city councillor in Coquitlam. “I actually loved the close-to-home, close-tothe-people responsibilities that council had, and I learned much about local government,” he said. “My experience in Richmond helped contribute to my decision to run here in Coquitlam.” One of his favourite memories at The Review was preparing the paper’s 50th anniversary edition. At the time it was widely believed Ethel Tibbits had founded the paper in 1932. But O’Neill discovered it was actually Bill Carruthers, who was still living in Cloverdale. “I tracked him down, and he told me he had founded the paper in the depths of the Depression as, essentially, a makework project. Little did he know that the paper would end up making work for hundreds if not thousands of people that would follow. We all owe him a debt of gratitude.” *** The paper has an equally storied list of publishers, the likes of whom included Lois Hourston, who served in the role from 1999 to 2004—arriving as the new city hall was under construction. “Being new to Richmond, I wanted the Review to give readers the same view I had of this new community centrepiece—seeing everything for the first time,” she said. “The staff at the paper grabbed the idea and ran with it. We published a 24-page section, with a wrap-around photograph of the building. It was a very proud moment for all of us. And it really reminded the city and council that The Review is a community leader in so many ways.” Her dad used to deliver the newspaper as a kid, and as publisher, Hourston couldn’t help feel as though she was part of something historic. “I love how the readers feel about The Review— as if it was theirs, and we were just the caretakers. And I think pound for pound, word for word, The Review is one of the best newspapers around. It was an honour being at the helm.” See Page 42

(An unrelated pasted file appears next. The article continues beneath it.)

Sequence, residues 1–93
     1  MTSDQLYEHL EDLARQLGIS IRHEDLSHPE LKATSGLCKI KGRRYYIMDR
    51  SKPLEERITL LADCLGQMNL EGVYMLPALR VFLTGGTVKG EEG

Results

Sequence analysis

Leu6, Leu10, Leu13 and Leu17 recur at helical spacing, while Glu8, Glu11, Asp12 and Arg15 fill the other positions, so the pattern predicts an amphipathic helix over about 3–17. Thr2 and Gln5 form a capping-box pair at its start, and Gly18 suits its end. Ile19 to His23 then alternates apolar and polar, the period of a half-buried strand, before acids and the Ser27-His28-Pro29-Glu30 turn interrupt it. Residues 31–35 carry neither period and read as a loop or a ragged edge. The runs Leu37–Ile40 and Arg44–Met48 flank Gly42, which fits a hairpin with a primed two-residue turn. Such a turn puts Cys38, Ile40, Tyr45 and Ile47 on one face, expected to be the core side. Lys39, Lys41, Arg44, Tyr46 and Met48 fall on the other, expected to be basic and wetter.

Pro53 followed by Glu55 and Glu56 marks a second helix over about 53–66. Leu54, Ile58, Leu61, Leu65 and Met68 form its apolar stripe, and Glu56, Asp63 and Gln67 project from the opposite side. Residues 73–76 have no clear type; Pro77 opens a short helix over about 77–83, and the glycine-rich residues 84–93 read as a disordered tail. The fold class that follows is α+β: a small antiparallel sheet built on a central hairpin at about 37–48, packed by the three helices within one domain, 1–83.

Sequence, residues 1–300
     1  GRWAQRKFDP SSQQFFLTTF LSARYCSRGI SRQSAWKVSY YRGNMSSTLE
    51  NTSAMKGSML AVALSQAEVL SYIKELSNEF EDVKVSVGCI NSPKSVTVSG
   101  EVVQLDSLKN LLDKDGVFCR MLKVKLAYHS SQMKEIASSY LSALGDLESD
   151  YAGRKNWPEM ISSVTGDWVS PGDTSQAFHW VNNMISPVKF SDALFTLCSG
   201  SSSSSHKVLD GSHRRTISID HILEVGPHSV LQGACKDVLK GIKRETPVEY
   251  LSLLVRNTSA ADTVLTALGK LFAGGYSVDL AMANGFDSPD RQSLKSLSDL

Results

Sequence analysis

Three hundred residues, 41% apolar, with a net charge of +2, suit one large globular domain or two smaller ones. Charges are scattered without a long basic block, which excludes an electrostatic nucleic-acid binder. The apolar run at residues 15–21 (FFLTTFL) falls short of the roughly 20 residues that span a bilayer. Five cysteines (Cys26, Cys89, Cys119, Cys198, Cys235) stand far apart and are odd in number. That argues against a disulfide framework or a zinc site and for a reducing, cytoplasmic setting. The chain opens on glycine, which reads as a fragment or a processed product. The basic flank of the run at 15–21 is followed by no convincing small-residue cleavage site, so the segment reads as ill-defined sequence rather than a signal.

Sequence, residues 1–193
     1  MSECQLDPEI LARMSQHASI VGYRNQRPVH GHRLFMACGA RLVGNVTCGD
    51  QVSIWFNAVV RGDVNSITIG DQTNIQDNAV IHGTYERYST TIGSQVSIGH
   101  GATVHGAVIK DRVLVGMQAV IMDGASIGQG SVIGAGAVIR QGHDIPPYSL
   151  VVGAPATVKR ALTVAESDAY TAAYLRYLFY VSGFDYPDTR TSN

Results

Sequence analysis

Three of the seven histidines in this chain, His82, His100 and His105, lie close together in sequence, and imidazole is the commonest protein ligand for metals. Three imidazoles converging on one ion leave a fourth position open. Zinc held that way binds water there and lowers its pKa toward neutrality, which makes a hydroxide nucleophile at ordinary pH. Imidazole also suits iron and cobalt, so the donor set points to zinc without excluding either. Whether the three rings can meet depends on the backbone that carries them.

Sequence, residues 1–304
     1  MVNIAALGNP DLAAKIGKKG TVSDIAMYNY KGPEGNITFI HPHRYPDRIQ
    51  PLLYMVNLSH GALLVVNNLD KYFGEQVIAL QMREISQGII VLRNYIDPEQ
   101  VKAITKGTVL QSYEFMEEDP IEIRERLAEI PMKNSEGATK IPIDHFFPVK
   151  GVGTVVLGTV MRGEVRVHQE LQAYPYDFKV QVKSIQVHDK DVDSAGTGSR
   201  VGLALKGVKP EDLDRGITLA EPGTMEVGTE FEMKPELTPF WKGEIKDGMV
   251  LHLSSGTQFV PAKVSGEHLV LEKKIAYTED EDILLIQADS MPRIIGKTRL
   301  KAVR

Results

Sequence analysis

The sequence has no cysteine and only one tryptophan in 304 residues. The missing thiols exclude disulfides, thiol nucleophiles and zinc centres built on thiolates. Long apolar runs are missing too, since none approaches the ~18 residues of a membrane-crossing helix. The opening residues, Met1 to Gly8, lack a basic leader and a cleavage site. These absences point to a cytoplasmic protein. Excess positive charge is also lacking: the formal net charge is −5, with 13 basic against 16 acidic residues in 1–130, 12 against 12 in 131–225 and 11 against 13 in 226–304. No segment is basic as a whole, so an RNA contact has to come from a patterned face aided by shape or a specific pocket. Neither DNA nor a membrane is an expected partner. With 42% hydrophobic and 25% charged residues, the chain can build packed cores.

Wednesday, April 25, 2012